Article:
[Mercury News] — Matthew Niksa




    UPDATE: Adds comment from attorney Edward Burg.


    Related Articles

    arrow_forward_ios
    Burbank Theater in San Jose (Loopnet)
    San Jose’s historic Burbank Theater sells to local investor
    San Jose’s historic Burbank Theater sells to local investor
    Carl Guardino, executive vice president, government affairs and policy, Bloomenergy (LoopNet, Bloomenergy)
    Bloom Energy expands lease to fully occupy north San Jose office building
    Bloom Energy expands lease to fully occupy north San Jose office building
    Aerial view of the building Apple bought at 123 Uranium Drive in Sunnyvale and Apple CEO Tim Cook (Google Maps, Getty)
    Apple goes from renter to owner of Sunnyvale building in $44M deal
    Apple goes from renter to owner of Sunnyvale building in $44M deal
    (Google Maps)
    Site near downtown San Jose with redevelopment potential sells for $22M
    Site near downtown San Jose with redevelopment potential sells for $22M
    A rendering of 1212 South Winchester Boulevard and Dr. Adam Askari (Carpira Design Group, Facebook)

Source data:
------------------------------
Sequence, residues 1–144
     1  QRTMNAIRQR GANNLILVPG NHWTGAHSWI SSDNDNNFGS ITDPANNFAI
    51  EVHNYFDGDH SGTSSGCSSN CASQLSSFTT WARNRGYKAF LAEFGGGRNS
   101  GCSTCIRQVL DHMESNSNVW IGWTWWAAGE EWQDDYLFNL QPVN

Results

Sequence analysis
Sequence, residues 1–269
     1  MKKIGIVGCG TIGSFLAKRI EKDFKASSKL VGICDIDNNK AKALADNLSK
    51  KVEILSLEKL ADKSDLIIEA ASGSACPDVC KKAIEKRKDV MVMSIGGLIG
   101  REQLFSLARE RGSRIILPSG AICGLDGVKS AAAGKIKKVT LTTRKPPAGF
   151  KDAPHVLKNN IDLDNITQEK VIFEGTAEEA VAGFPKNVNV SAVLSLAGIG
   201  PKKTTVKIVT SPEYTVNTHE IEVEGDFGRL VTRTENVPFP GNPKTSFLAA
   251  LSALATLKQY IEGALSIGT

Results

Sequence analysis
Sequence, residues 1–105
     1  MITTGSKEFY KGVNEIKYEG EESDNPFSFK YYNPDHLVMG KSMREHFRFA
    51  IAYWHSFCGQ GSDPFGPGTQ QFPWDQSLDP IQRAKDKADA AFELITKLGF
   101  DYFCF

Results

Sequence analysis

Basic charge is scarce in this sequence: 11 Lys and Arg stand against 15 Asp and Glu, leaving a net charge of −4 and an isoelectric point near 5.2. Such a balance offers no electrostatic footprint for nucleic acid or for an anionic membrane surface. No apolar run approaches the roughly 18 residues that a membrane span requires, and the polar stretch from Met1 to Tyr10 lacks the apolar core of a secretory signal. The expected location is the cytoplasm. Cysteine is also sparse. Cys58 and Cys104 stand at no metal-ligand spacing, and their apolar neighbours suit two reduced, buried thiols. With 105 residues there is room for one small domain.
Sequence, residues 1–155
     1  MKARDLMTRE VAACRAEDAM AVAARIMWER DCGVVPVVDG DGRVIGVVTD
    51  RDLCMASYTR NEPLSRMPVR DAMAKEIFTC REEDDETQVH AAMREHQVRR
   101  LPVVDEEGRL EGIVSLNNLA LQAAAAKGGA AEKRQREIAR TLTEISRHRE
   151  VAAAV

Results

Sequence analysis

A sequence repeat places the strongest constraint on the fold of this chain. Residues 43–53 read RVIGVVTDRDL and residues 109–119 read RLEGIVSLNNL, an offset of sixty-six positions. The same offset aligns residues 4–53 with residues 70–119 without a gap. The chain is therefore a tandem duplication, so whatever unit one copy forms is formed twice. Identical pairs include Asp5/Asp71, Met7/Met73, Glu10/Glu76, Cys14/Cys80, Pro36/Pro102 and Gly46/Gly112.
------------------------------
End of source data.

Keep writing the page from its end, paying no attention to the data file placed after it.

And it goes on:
Controversial West San Jose hotel plans shelved
    Controversial West San Jose hotel plans shelved
    Cricket Stadium Proposed For Santa Clara County Fairgrounds (LinkedIn, iStock)
    Cricket stadium proposed for Santa Clara County Fairgrounds
    Cricket stadium proposed for Santa Clara County Fairgrounds
    Procept Biorobotics CEO Reza Zadno and 150-180 Baytech Drive in North San Jose (DivcoWest, PROCEPT BioRobotics)
    Redwood City robotics company leases 158K sf for new San Jose HQ
    Redwood City robotics company leases 158K sf for new San Jose HQ
    San Jose life science conversion play lands first new tenant in a year
    San Jose life science conversion play lands first new tenant in a year
    San Jose life science conversion play lands first new tenant in a year
    arrow_forward_ios

    The Deal's newsletters give you the latest scoops, fresh headlines, marketing data, and things to know within the industry.

    Loading...